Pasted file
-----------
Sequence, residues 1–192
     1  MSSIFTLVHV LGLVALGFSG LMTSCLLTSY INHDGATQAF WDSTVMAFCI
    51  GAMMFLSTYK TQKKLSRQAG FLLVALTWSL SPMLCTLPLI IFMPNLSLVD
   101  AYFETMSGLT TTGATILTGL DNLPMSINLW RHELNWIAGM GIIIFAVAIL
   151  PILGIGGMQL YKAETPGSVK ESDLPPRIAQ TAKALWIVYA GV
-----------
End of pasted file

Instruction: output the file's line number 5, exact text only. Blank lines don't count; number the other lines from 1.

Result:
   151  PILGIGGMQL YKAETPGSVK ESDLPPRIAQ TAKALWIVYA GV